What a grand book of essays! And who couldn't love a girl who began with a chicken taught to walk backward and went on to be a woman of words and peacocks?

Friday, December 21, 2012

THALIAD and lake monsters

Luck has riotous marketing skills: it didn't occur to me until just now how odd it is that a post-apocalyptic epic in blank verse was catapulted into the world just at the solstice close of the Mayan calendar. Timing! It's a thing marketers are always going on about, and for once I have it--alas, if only I had realized, had thought ahead and made the requisite Mayan Calendar Apocalypse Marketing Plan, and established a post-apocalyptic marketing event...

Would have been helpful to arrange for a gigantic stone statue to shoulder its way from Lake Otsego, waterfalls pouring from its chest and thighs, followed by reeling birds and the coils of our lake monster. He might flog books door to door like a big Fuller Brush Man who can't take no for an answer. Would be good. Effective, at any rate. And everybody local wants to see what the shy lake monster really looks like. (One of the characters in Thaliad does catch a glimpse of the monster.) Imagine a basalt army of golem-like book salesmen, each with a Santa-pack of books, led by a stone captain, lake monster flung around his neck as a living scarf.

The air is dark and pouring outside, lake blurring into louring cloud and ground and sky... Could be a scene from the start of Thaliad.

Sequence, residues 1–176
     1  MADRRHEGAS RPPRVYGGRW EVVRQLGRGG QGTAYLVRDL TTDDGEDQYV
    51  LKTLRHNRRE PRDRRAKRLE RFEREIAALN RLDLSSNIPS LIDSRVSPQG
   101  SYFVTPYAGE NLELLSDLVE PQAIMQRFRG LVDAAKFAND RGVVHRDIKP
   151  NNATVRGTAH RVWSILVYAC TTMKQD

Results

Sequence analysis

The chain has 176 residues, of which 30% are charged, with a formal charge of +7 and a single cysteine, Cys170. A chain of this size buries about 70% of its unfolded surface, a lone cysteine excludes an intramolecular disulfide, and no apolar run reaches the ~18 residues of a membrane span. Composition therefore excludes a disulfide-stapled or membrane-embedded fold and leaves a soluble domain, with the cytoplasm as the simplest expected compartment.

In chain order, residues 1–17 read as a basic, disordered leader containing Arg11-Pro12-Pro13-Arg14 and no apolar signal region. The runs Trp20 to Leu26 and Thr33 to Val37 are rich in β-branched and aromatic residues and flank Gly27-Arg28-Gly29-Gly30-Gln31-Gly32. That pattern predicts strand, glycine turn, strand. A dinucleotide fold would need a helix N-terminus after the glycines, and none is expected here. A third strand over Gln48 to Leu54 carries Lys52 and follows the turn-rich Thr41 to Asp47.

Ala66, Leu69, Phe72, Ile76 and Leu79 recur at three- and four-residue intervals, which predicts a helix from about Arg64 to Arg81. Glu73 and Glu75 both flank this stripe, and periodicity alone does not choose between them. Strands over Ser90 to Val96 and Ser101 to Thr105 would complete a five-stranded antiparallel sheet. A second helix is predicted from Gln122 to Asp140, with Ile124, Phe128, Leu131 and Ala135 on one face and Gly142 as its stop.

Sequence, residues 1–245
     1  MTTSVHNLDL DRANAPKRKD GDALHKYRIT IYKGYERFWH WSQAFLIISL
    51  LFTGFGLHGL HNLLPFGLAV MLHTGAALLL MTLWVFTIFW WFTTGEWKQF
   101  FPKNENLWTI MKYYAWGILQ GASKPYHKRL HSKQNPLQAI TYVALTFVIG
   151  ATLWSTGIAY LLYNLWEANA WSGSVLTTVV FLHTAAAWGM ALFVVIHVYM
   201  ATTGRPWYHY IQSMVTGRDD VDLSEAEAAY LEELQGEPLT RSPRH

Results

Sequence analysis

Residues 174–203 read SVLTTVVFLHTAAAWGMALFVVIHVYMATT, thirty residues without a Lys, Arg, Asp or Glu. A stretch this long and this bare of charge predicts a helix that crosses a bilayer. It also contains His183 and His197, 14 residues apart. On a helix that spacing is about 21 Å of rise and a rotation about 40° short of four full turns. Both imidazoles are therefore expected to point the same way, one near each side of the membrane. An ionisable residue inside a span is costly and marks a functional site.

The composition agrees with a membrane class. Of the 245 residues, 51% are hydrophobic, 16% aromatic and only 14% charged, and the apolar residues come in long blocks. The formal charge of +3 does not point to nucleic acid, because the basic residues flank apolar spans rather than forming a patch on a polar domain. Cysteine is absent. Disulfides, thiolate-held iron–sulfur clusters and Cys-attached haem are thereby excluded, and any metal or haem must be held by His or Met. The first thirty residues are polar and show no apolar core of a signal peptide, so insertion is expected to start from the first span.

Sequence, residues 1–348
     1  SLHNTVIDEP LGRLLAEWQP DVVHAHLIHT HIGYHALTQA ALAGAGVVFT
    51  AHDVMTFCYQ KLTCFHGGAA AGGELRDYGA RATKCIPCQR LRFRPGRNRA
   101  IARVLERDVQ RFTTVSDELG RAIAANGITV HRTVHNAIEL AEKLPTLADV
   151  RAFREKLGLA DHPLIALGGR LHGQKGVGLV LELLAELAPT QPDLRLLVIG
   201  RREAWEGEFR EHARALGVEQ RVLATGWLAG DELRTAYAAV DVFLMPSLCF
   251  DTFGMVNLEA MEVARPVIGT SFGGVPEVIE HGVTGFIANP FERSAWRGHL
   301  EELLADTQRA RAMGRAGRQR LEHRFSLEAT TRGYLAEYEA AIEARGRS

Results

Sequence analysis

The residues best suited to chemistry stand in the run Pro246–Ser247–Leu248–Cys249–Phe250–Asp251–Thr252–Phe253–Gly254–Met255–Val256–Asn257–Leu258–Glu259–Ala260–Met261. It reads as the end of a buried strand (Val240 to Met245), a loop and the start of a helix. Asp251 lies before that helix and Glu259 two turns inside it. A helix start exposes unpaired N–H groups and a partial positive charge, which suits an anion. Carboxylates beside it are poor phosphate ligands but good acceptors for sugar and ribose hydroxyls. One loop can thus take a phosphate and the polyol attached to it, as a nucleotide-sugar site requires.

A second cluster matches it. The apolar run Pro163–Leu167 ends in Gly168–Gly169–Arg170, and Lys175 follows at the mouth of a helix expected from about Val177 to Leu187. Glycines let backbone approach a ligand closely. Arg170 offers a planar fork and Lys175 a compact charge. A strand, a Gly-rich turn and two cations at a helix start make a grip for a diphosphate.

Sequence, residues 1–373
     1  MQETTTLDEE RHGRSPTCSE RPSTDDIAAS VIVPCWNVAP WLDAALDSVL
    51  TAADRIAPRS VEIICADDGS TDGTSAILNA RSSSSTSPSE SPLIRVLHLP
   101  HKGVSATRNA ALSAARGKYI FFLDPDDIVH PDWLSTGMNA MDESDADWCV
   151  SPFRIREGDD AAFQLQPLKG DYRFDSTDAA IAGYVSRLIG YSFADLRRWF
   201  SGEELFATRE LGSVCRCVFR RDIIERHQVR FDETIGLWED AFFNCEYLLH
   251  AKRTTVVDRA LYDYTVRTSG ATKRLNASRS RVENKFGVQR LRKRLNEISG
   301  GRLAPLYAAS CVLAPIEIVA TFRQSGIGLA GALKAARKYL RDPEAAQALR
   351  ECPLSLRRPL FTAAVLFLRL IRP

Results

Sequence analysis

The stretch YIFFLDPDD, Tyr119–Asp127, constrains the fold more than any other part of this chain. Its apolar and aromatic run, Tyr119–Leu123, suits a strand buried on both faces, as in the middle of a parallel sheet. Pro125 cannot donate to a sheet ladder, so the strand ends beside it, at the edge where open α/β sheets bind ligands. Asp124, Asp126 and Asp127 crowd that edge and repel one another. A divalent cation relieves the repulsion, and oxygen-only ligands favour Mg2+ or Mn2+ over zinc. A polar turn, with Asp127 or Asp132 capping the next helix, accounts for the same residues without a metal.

* * *
On a less silly note, and just in case you want to get your copy before it really is entirely too late, Thaliad is available: in hardcover (limited edition) and paperback from Phoenicia Publishing's online store; in paperback (stocked via Ingram) for bookstore orders; in paperback from Amazon here and abroad. For more information, hop to the Phoenicia Thaliad page.


  • Mayan Apocalypse or Mayan Party Day report:  First it poured so hard that the lake and sky became confused. Then it sleeted a while. That was when I did my errands and took the forgotten mushrooms to school (part of a book report, if you can believe it), as my youngest remembered scales, lemon drop, peasant vest and hat for "The Balek Scales." But not mushrooms. Now the roofs are white, and the snow is sticking despite the soaked ground. A three-story sparrow frolic is going on at the feeder just beyond the window. The least upset, and they whirl into the ravel of rugosa vines and sit for a moment before flitting back. But the little kestrel will be too fast for them if he comes . . . poor little party-sparrows.

    Thursday, December 20, 2012

    Myers and more--


    I am grateful to noted critic D. G. Myers, who first listed Catherwood with best historical novels, then put A Death at the White Camellia Orphanage on a list of best books of 2012, and afterward reviewed the novel.